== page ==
ALACHUA COUNTY, Fla There aren't many communities in North Central Florida with laws to keep convicted animal abusers from buying or adopting pets, but Alachua County is considering amending a law to do just that.
"We just want to make sure that animals adopted locally are not being adopted to a bad family," said Gina Peebles, Assistant County Manager.
The County Commission is considering amending a local ordinance to create an animal abuse registry. Anyone convicted of animal abuse wanting to buy or adopt a pet-- and their name was on the list-- would not be able to.
"The registry would more than likely include their [the abuser's] name and contact info. I don't know if it would necessarily get into very specific graphic details on what their level of abuse was, but if they were convicted with animal abuse, then that would be the graphic key point," Peebles said.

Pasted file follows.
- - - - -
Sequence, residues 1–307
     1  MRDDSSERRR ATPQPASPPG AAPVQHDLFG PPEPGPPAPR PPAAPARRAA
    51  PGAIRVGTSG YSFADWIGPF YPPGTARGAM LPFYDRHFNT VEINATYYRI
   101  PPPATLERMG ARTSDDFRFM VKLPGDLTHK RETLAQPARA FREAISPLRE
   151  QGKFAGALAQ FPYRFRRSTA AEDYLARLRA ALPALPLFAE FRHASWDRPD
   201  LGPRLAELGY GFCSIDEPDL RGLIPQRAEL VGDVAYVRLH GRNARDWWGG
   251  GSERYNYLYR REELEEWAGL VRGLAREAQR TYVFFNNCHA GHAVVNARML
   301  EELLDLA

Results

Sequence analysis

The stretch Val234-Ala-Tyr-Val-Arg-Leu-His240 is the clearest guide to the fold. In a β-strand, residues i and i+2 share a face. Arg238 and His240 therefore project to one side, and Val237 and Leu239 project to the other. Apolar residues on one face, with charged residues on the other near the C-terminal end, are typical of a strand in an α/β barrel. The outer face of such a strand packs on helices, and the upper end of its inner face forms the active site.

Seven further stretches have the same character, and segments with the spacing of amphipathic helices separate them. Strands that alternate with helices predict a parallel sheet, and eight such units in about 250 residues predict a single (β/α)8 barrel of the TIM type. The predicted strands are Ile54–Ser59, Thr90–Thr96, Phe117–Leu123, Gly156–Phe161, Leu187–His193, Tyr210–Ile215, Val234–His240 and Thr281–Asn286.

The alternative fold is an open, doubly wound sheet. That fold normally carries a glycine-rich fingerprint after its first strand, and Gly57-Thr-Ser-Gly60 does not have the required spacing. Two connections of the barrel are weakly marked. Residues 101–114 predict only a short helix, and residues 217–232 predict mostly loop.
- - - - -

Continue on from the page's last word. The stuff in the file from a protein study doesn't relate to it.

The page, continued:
"Pets have feelings and they need to be treated like everybody else needs to be treated and make sure they have good homes, and stuff like that, so I think it's a great idea," said Lynn Lock, a resident of Gainesville.
The registry may be modeled after Marion County's 'Molly's Law' passed one year ago. A database lets pet owners, sellers, and rescues verify their pets are not being placed with abusers.
The Alachua County Commission is also considering adding the registry ordinance to their state legislative agenda, meaning that they'll ask the state to have a state-wide animal abuse registry.
"I think that it should be state-wide, because you don't want the wrong person to get the animal that has a criminal background that has been convicted of abusing the animals," Lock said.
The ordinance would require public hearings and a vote by commissioners before it's passed.